Music events as contemporary spectacle : U2's '360°' tour : a collective experience of rock, rituals and resistance

Williams, Michael January 2017 (has links)
This thesis is concerned with how fans experience, create meaning from, and contribute to the creation of a spectacle. Existing theorizations of spectacle are limited and often undifferentiated. Furthermore, there is little knowledge of how an event becomes a spectacle. This research addresses these gaps. In particular, it aims to develop a better understanding of the concept of spectacle and process of spectacularization in the context of a rock music event. It investigates the contribution of the spectators to the creation of spectacle, arguing that the spectators of U2’s ‘360°’ tour (2009W2011) as human agents are more than passive consumers of commercial entertainment. A comprehensive theoretical framework, drawing on the concepts of community, identity and power, helps to address questions of belonging and identity, embodied experiences and politics. Adopting a social constructionist philosophical position, the research draws on a blend of netnography, ethnography and critical sociology. Rich qualitative data were collected in three phases, including preliminary online research of selected U2W related websites, in depth semi structured interviews with 26 fans, and U2’s Show director, and a qualitative content analysis of documentary material. Three overarching, partly overlapping and prominent themes emerged from the interview data: community and identity, enchantment, and politics. Thematic analyses of the findings revealed that U2’s concerts gave individuals a sense of belonging to a global community of fans. They also provided an enchanting, liminal space, which offered transcendent experiences and increased fans’ awareness of certain socio political issues, although this was highly regulated and choreographed. Despite the temporary and episodic nature of U2’s shows, the community was real for many of the fans, and was perpetuated online. This research contributes to re defining an re theorizing the spectacle in the context of rock music events. Consequently, any contemporary attempts to define modern spectacles in the context of rock music events need to include the notions of community, enchantment, and politics, and account for visual, artistic, spiritual and spatial aspects as well as scale.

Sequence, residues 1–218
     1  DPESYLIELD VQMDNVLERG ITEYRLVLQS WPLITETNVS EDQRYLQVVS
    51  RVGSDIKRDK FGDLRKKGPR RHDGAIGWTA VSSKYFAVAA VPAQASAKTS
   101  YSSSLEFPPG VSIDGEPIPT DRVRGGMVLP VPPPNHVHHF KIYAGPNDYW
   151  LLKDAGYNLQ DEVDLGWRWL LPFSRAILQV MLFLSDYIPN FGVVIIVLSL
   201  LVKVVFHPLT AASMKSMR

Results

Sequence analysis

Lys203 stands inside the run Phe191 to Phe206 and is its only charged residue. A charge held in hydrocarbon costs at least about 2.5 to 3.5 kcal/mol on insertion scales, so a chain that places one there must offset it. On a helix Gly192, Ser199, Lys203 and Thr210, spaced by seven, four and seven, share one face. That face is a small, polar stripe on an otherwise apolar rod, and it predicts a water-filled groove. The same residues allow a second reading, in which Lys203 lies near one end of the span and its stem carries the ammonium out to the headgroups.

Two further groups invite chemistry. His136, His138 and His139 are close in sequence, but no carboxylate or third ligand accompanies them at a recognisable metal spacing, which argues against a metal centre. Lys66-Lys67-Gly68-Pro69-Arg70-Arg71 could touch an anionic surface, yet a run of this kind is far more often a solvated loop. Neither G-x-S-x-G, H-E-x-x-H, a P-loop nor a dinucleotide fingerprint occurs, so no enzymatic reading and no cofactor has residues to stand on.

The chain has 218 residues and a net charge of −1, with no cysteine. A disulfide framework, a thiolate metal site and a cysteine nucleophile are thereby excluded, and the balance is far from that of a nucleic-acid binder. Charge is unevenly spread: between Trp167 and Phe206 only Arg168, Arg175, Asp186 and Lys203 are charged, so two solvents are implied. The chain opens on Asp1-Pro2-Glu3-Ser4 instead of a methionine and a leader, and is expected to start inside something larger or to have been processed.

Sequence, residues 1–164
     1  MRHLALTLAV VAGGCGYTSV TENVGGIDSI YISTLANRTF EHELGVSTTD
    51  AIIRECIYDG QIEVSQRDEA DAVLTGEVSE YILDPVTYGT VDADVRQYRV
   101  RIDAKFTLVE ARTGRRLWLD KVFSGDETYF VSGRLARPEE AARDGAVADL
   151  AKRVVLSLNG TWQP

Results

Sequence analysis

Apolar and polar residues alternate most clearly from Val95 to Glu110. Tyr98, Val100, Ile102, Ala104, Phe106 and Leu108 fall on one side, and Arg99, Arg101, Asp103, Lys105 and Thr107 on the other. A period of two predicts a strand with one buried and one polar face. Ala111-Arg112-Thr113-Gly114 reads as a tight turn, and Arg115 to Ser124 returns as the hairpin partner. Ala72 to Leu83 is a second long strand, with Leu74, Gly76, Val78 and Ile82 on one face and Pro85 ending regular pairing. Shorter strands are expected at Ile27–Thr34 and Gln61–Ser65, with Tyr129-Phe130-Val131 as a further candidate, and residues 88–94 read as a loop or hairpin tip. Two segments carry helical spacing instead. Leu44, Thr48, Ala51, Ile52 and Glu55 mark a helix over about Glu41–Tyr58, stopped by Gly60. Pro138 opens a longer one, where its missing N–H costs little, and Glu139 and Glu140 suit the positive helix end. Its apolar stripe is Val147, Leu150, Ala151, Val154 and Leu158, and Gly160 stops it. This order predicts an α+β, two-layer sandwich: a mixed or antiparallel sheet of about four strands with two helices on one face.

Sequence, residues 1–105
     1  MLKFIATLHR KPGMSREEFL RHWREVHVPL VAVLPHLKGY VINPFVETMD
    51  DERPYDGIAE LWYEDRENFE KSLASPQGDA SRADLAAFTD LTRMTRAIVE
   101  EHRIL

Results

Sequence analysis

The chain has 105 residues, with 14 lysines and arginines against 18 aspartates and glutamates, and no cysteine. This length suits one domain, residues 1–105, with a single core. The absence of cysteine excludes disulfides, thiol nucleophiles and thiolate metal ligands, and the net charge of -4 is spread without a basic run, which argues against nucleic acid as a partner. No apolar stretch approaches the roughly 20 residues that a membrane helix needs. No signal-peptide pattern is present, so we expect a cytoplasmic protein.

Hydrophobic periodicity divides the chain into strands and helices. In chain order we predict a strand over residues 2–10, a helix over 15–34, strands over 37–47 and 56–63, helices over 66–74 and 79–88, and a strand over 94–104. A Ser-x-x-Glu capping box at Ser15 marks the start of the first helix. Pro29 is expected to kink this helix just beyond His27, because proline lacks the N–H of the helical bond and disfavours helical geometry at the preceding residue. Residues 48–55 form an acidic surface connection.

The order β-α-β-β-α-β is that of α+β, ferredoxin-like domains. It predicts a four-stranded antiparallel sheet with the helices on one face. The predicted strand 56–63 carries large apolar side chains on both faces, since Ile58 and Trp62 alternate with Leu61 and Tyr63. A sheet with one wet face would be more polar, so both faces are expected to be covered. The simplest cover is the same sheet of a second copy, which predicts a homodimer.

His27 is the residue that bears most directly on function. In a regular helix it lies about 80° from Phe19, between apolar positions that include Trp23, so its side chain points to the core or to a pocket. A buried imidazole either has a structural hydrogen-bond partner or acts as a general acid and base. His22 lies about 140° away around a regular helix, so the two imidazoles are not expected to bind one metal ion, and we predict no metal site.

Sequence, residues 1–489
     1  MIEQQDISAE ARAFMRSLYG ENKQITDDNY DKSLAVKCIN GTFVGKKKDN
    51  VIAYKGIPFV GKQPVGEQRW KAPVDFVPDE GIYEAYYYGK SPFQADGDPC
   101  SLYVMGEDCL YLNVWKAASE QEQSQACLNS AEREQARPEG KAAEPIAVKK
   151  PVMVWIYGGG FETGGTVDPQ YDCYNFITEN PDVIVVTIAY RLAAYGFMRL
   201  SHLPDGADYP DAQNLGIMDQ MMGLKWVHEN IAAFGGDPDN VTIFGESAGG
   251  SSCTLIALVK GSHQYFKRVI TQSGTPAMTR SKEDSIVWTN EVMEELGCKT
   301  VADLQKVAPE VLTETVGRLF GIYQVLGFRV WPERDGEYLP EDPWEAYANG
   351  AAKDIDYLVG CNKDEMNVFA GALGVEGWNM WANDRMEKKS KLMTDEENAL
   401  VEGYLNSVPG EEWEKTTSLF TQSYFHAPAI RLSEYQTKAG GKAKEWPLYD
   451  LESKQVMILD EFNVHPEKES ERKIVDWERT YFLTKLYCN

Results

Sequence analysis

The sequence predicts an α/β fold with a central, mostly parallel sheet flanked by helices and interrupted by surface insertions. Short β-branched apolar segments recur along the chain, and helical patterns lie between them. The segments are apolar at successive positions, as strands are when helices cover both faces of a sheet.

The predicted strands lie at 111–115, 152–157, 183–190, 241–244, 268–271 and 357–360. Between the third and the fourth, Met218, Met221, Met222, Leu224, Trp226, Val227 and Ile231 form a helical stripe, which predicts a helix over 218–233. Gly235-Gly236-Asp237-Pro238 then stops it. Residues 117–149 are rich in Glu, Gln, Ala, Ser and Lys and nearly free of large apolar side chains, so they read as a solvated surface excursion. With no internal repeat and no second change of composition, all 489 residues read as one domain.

Contemporary metal music production

Mynett, Mark January 2013 (has links)